Scientists from the Kavli Institute for the Physics and Mathematics of the Universe and the University of Minnesota created a new type of optical element to improve the performance of telescopes studying radiation from the Big Bang.
Cosmic microwave background (CMB) is a relic radiation remnant from the big bang. Studying its properties, scientists infer the early physics of the big bang, how clusters of galaxies form, and the matter and energy content in the Universe.
To study the CMB, telescopes must be tuned to wavelengths in which it is most intense, about 1-3 mm, separating out shorter wavelength radiation that the atmosphere and Milky Way emit. Alumina is among the most effective optical elements that absorbs the short wavelength radiation but lets the CMB pass through. It is second in hardness only to diamond. However, it reflects almost 50% of the radiation impinging on it. Researchers invented a new way to fabricate anti-reflective structures that reduce reflections fifty-fold.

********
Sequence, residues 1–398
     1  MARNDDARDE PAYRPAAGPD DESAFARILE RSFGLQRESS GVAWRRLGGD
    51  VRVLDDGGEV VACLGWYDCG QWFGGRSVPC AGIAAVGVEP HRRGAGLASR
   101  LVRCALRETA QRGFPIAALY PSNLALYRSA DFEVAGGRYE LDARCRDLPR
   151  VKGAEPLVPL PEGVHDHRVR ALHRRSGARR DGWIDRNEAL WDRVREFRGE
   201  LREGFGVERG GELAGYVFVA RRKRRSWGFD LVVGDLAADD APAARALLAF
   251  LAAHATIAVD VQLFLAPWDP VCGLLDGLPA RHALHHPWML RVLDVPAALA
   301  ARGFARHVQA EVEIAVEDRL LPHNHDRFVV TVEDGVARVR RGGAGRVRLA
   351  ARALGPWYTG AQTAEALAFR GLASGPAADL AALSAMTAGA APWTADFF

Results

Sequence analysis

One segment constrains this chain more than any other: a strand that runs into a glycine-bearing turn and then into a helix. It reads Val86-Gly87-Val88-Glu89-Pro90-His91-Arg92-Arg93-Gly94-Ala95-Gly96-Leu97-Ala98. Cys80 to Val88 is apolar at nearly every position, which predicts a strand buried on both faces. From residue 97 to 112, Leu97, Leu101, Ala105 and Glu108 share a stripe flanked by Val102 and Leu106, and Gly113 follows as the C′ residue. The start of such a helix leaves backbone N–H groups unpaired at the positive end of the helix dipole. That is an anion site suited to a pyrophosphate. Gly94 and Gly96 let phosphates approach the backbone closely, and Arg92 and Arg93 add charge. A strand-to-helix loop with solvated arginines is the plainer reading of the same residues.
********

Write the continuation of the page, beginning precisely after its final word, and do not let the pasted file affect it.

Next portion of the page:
The researchers patterned alumina with small pyramidal structures, approximately one millimeter tall (0.04 inch), repeated across the 30 cm (one foot) diameter with a periodicity of just under one millimeter. Light enters and leaves the material more gradually with the small pyramids, leading to much lower reflection. They used an ultra-short-pulsed laser, with pulses a few trillionths of a second long and reaching 100 megawatts each, to ablate the material away and shape the surface relief. The researchers measured the properties of the alumina sample and showed that it reflects less than 1% of the incident radiation. This is the first time such an optical element has been fabricated and coupled to an operating instrument, and it is the largest sample of alumina to have been laser-ablated.